The Taxi Man

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Status: Finished  |  Genre: Horror  |  House: Booksie Classic
Daisy Edwards and her daughter Belle are returning home from the airport in a funny looking taxi. Daisy is still finding it hard to cope with Charles' behaviour...

Submitted: March 04, 2015

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Submitted: March 04, 2015

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~~The clouds turned a depressing grey, and a fat raindrop splashed on the ridge of my nose. “Oh Daisy, how you have your mother’s nose!” people would comment.
I searched desperately for shelter, with my daughter, “We’ll be home soon,” I said reassuringly.
“I wish Daddy could come,” Belle whined.
“I know honey,” I replied with gritted teeth, “but Daddy’s very busy,”
I hated how Charles barely knew his children, it felt like he was away 24/7 with his group. He and I had to make up soon, especially for the childrens’ sake. His smile appeared in my mind, it all replayed in my head again. I looked down at my beautiful Belle, and my eyes welled up with tears.
“Mummy, what’s wrong?” asked Belle. I stitched a smile on my torn up face, and ignored my own daughter. I seemed to be doing that a lot recently. Belle turned her face away from me, as usual.


“Taxi!” I called, when I saw one pulling up. It carried on moving and the vehicle parked right next to Belle and I. The black taxi had scratches on the doors and smudges, which I was pretty sure looked like handprints. The windows were tinted grey, but I could see the silhouettes of seats behind the misty tint.
I ushered Belle into the lone taxi first, away from the increasing crowds of people recognising me, the author of my newest novel, ‘When Marriage Goes Wrong’.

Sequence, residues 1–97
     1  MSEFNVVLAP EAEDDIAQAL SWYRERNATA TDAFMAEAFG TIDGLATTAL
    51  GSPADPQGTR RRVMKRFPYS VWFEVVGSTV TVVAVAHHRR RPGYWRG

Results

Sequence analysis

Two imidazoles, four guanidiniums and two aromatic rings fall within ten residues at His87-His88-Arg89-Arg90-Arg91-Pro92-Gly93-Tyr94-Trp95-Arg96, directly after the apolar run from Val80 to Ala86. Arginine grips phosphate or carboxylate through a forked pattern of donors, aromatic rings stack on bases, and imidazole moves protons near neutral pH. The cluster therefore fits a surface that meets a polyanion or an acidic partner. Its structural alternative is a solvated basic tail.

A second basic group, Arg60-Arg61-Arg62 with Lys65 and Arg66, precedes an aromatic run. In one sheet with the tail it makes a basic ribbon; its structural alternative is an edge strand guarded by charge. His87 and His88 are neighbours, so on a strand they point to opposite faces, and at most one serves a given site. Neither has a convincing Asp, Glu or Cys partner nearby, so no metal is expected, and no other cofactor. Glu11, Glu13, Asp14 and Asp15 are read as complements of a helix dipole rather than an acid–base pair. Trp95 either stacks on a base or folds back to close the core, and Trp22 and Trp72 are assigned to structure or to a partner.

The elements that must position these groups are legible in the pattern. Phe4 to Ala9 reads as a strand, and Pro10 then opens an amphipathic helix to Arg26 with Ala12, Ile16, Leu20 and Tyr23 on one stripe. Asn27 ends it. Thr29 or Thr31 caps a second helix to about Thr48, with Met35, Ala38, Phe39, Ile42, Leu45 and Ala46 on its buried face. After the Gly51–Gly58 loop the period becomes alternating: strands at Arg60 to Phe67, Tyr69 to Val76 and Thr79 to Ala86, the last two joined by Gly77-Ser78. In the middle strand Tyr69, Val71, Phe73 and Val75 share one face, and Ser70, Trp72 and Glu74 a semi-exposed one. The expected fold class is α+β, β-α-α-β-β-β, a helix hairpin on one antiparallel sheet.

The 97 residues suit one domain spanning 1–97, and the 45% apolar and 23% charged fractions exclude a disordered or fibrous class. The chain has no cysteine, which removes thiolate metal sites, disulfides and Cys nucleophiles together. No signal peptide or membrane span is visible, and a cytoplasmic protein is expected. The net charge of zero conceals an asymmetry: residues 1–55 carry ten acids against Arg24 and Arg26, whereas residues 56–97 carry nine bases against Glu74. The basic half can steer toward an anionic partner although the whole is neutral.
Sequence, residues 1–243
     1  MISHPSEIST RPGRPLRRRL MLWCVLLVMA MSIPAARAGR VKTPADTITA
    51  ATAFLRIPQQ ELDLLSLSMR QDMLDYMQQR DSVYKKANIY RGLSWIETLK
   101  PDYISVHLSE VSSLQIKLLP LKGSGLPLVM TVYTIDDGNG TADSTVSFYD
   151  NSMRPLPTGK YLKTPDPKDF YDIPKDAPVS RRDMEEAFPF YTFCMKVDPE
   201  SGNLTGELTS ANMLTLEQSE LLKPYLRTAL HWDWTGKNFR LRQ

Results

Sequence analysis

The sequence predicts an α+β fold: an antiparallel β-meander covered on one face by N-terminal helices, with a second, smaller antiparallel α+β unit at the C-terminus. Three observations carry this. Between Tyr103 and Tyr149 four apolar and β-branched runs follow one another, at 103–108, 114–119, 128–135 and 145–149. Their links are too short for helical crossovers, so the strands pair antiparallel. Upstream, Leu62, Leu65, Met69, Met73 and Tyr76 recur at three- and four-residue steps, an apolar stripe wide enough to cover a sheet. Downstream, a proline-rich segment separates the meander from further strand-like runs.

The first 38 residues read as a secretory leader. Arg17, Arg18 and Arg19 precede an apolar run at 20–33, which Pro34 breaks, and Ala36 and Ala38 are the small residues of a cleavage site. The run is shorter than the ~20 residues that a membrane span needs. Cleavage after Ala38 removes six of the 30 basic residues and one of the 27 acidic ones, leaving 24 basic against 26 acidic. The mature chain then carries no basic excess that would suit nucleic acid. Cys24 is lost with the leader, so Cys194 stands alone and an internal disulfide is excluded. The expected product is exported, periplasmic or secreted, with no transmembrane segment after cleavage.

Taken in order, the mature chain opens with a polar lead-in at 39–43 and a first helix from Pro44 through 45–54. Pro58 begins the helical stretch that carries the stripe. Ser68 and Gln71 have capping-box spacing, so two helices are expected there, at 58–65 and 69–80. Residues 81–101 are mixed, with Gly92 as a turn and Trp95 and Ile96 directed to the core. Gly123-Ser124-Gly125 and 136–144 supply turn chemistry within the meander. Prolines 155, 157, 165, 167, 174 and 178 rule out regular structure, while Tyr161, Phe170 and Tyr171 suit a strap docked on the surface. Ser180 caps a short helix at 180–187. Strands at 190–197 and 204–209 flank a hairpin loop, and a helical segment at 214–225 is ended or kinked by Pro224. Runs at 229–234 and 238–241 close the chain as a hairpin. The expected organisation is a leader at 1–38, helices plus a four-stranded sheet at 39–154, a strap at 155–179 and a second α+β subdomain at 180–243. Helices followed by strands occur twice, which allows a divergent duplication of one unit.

I jumped in after her, shielding my eyes and face from people.
The rain started to get heavier and the windows on the inside were all steamed up with heat from the engine. The taxi smelled like a laundrette, as though it had been freshly scrubbed ready for new passengers. The outside should have been scrubbed.
“62 Dove Street please” I snapped, wanting to get home quickly.
“Okay Madam,” a mumble came from the driver’s seat.
We set off slowly, weaving in and out of other vehicles. I leaned back feeling the warm embrace of the padded seat…


“Mummy, where are we going?” I was surprised by Belle’s concerned tone. My eyes suddenly concentrated on the situation, like a predator. Where were we? We were surrounded by darkness, and tall buildings, suffocating me. Tears trickled down Belle’s cheeks as she shifted in her seat. My hand reached down to hers squeezing it, telling her it would be okay. My other hand reluctantly tapped on the thin glass between the driver and us. “Excuse me,” I croaked politely, “I said 62 Dove street,” I wanted to be at home, with my children, my cat and my dog.
“Madam, you will be home soon” the driver said in a low voice. It sounded different this time.
His face turned to look at me and tearful Belle. His eyes were missing. There were just empty eye sockets covered by veiny skin. There were fresh scars where his eyes were meant to be. His non-existent eyes gazed deep into my own. The shape of his nose was too flat to be normal and he had large slits for nostrils. He reached out to touch my petrified hand. His lips were familiar. He had the same misshapen tooth. His fingers were shaped like tree trunks, without fingernails and his ice cold palm clutched mine. He stroked my cheek roughly with his ugly hand.
“Home time,” he told me menacingly. He swerved the taxi into the low lying ditch…


“There’s Grandpa’s house Mummy!” Belle pointed out of the window. I woke up in a daze of a headache. “Get out of the taxi Belle,” I screamed erratically, “Get out of the taxi now!” The taxi screeched to a halt outside my old family home. “What is it madam?” the driver didn’t move, “You need to pay,”
“Turn around!” I commanded.
“I don’t know wha…,” the driver said. As he turned he looked human.
“Take your mask off!” I lunged out at him, pulling at his mask. My sharp nails drew blood.
“Mummy,” Belle tried to grab my arm. Her face was ashen in the bright streetlight at the end of our drive.
“We’re home,” she said.
My gaze was fixed on the crisp crimson colour, staining my fingertips. My hands were hot with hatred.
“Run inside for help Belle,” I said, “Go and get Grandpa,”
I gulped back air, building up a loud scream at the back of my throat.
“What’s the matter mummy?” Belle’s eyes grew wide with fear and she let go of my sleeve.
“Belle, just do it,” I felt frustrated, I didn’t know what to do anymore.
“Mummy, you’re crazy,” she said turning her back on me, “We’re home now,”
His blood ran off my hands and dripped onto the pavement beside my feet. I could see my raging eyes reflected in the puddle. I could smell the strong scent of the past…
 


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